I’m a rare presence around these here parts. But I guess I’ve been thinking a lot about something particular for a few months now–enough that I thought perhaps I could write something little (and by little I mean personal and rambling) about it.
The thing is that, well, I’m a person with some pretty solid beliefs and standards, but I’m not a fighter. And I never have been a fighter. Mostly, I just want to live a quiet, peaceful, content life away from fights of any kind if I can help it.
So, if someone comes at me wanting a fight, I’ll probably panic a bit, shake a little, attempt a response, most likely do some kind of cry session at some point, but ultimately, I will simply walk away and do everything in my power to never encounter that person or thing or place again.
I’ve rarely witnessed a fight where one or both parties actually changed their minds or apologized so, sometimes I just think, “Why?” Why do that and feel like crap when I could be talking with nice people or making a pie or kayaking or giving a hug or…practically anything else?
I know, I know. You want to tell me things like, “Some things are worth fighting for!” and “If you don’t fight for x, then who will?” or “We need people like you in the church!” or “Stay. Stay and make change happen.”
But…you see…I can’t make change happen. I thought, once upon a time, that I might, that I could. But, no. Maybe someone else can…. But not me. And the only thing that my tiny, microscopic attempts have gotten me…are fights. Fights and judgement and anger and vitriol and self-righteousness and denials and a more intense, deep, visceral pain than I have ever known in my life.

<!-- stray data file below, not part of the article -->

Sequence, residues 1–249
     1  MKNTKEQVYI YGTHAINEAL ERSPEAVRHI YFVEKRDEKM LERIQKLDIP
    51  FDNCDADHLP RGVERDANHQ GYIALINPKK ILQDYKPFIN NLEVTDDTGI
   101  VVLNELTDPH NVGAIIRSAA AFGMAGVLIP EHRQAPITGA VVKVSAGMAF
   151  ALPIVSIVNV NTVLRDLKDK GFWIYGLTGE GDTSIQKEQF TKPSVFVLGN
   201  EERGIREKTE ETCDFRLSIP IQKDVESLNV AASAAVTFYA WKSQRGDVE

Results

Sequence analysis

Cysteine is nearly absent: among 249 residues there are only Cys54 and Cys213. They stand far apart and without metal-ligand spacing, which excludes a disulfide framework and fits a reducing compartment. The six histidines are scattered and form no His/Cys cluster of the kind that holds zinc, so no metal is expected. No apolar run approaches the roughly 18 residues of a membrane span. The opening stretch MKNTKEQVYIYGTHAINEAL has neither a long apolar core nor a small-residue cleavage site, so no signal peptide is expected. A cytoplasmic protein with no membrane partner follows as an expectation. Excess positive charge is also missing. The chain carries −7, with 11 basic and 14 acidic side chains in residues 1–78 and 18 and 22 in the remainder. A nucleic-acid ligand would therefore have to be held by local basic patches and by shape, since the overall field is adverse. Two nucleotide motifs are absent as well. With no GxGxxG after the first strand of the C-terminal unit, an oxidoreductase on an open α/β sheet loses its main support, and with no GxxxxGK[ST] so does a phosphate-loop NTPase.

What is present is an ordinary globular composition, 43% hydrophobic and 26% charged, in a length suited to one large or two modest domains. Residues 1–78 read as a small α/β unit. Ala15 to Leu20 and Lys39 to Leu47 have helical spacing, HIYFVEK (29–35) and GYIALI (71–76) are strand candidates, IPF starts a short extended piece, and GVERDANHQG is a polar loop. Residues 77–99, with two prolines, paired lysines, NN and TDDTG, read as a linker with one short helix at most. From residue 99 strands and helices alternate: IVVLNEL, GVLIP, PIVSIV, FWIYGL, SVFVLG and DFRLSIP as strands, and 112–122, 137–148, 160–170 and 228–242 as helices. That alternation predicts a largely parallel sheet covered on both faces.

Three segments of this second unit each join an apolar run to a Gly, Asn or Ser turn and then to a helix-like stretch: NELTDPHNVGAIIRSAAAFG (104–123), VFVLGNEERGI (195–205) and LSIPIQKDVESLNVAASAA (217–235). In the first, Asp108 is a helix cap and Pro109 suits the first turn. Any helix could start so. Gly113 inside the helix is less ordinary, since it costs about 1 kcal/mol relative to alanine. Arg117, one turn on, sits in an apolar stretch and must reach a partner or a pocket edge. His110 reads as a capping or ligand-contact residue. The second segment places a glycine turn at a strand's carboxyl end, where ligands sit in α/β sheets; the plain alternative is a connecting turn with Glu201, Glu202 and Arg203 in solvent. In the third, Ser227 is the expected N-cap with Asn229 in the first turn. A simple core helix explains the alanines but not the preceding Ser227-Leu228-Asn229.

And what is the point of wasting so much precious time in my short, small life… on that?
This is the voice of the silent ones who leave. The ones who don’t want to tell anyone else that they know better (we don’t claim to, really)… But, from their side, see a disintegrating community with no options. With no one listening. With no one even caring. And still…we don’t want to make anyone feel too bad about it. We can’t assume we know what other people need, after all.
We just don’t want a fight. We just want to live a couple Sundays (or all the rest of our Sundays) without getting slapped across the face.
And we disappear. So many of us are disappearing. And do you even notice? Do you? I’m not really sure, but maybe it doesn’t matter to us anymore. And sometimes that makes us sad. Because we miss our old sense of belonging to a community that once existed in our hopes. But we’ve discovered, miraculously, that when we walked away, we didn’t have to fight anymore.
And it was okay. And joyful. And right.
Because there’s no time for meanness and fighting. Not in our short, small, beautiful lives. No time at all.